Burke sees the big picture
It’s been no secret to a lot of Leafs followers, and hockey fans in general, that with a changing NHL comes a change in the way hockey teams will be structured going forward. Structured, built, laid out, however you want to put it, the makeup of a roster these days probably looks quite different than it did even five years ago.
Of course the game has always had stars and superstars. Even the worst teams have had at least some talent sprinkled Â through their top two lines. Â Where the line was drawn, for a lot of clubs, was when the third string stepped on the ice. This obviously wasn’t true for every team, as even now you’ll find differences in the layout of team A vs. team B. But one thing is clear, undeniable: speed and skill kill.
Do enforcers who nab four minutes of playing time per game strike fear into opponents, causing them to lose all focus? Should they hold down roster spots at all costs? The resounding answer is no. And the Leafs’, along with the rest of the NHL, have taken notice.
Over the summer many conversations I had with fans, whether it be online or face-to-face, dealt with the idea of the Leafs team and how their forward corps was structured. With a blatant lack of offensive punch in the bottom two lines, most agreed that the team needed to address the idea that while Evgeni Malkin wasn’t the top line center, a more balanced lineup with some extra scoring in the bottom two lines could do a lot to help this club improve.
It’s why most folks pushed for another scoring centre. Not only would the team try another pivot with Phil Kessel, but it would push Tyler Bozak to the third line between Colby Armstrong and Nazem Kadri, or at least that’s it was pictured. Of course that isn’t how it turned out – Bozak is doing well on the top line, Armstrong is injured, and Frattin ousted Kadri to get into the Leafs lineup. But the philosophy of running with nine forwards that can chip in has caught on, and is evident in the Leafs’ recent winning ways.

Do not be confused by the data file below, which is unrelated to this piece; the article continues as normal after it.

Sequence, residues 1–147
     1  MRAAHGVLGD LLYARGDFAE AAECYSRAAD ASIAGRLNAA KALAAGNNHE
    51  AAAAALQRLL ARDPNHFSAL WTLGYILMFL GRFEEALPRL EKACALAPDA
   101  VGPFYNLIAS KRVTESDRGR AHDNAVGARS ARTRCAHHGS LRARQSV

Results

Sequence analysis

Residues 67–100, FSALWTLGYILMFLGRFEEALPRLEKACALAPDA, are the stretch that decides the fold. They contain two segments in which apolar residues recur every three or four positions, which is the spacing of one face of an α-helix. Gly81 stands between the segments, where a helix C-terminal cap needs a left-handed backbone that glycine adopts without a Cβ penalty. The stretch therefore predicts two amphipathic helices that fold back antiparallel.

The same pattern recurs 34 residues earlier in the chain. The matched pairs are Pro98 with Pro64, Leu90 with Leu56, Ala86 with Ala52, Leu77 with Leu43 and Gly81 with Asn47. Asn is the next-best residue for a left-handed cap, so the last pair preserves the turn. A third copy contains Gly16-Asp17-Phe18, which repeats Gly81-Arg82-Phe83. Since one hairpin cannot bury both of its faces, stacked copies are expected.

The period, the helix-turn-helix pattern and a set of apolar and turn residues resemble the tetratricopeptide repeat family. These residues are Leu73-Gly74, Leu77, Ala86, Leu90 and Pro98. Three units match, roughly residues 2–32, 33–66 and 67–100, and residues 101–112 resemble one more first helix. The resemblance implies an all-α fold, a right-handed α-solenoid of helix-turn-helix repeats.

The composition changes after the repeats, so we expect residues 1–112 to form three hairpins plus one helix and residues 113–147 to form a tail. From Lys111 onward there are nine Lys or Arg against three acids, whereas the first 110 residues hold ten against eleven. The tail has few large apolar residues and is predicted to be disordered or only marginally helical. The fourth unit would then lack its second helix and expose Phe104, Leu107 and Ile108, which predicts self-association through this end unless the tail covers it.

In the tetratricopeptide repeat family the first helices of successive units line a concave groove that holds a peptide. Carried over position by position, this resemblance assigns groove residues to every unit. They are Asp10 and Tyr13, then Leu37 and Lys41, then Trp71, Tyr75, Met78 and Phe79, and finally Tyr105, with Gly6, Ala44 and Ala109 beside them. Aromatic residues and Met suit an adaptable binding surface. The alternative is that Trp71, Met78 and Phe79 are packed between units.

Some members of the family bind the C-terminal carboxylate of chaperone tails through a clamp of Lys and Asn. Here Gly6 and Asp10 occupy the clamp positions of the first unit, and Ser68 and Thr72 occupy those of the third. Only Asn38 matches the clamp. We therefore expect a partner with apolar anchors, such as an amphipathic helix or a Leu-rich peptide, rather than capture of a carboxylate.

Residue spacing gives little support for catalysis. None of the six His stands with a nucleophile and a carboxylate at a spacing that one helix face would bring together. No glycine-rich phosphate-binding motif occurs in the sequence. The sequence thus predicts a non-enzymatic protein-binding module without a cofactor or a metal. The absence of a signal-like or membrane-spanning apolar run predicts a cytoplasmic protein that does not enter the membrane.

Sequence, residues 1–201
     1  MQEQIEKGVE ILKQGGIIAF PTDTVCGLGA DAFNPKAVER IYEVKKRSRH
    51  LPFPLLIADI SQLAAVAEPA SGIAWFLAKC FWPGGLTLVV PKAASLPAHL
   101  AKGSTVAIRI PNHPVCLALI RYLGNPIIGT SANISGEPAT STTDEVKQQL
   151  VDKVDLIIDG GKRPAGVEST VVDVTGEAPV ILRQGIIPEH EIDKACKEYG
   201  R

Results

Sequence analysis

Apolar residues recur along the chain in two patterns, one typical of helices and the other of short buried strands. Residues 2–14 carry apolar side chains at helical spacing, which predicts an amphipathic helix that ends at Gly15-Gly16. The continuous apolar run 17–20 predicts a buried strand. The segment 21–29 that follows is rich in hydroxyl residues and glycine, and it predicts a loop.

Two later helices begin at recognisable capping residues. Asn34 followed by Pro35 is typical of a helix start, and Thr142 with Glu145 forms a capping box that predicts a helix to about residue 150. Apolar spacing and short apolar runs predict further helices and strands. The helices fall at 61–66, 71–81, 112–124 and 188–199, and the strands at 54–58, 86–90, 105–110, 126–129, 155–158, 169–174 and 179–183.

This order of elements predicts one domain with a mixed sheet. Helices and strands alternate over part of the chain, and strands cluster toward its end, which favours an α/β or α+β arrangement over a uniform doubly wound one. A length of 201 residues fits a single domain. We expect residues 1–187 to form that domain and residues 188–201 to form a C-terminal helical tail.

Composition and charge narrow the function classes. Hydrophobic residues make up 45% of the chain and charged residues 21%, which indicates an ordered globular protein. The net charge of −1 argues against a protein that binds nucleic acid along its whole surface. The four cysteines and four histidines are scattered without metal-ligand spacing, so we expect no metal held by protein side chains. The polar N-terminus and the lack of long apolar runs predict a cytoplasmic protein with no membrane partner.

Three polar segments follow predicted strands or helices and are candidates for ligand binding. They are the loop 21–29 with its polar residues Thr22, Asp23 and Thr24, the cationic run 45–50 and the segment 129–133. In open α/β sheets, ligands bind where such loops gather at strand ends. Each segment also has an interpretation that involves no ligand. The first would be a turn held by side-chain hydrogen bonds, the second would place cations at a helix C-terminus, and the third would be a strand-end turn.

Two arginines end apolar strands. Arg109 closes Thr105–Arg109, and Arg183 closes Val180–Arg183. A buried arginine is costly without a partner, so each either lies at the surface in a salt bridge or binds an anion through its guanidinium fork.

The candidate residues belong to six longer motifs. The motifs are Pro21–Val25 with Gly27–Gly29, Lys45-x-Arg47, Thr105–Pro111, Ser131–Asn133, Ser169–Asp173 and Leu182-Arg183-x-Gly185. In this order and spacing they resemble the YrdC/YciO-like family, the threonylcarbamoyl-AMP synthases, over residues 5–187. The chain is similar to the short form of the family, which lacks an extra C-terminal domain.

Each of Crabb, Colborne and Frattin have found some success of late on third line duty, and the idea of having numerous fighters in the lineup really seems absurd at this point. Burke has adapted to a changing game, and he isn’t afraid to admit it, blatantly stating as much on TSN Radio on Tuesday when he spoke with James Cybulski.
Burke alluded to the fact that he and his colleagues have had to assess the lineup and make the proper adjustments to keep up with a sport that is played at its’ most ridiculous pace ever.Â The days of the heavyweight are ending.
A few names that arose in the summer that could potentially help the Leafs (or any other team) round out their scoring included Zherdev, Bergfors, even Upshall – players that weren’t simple plugs. In hindsight, the Leafs dodged a few bullets in that regard, and were lucky enough to find help from within. If they continue to keep speed and a little bit of scoring in their bottom six for the remainder of the season, it should go a long way in their push to end this rotten playoff drought. Of course it’s still up to the players to keep contributing as well.
When Burke first arrived in Toronto, he boldly stated that his teams consist of two top lines of skill and two lines of pick-and-shovel-type players – guys who muck it up. Those days are in the past. The Leafs’ GM has changed his ways, and he isn’t hiding from it either.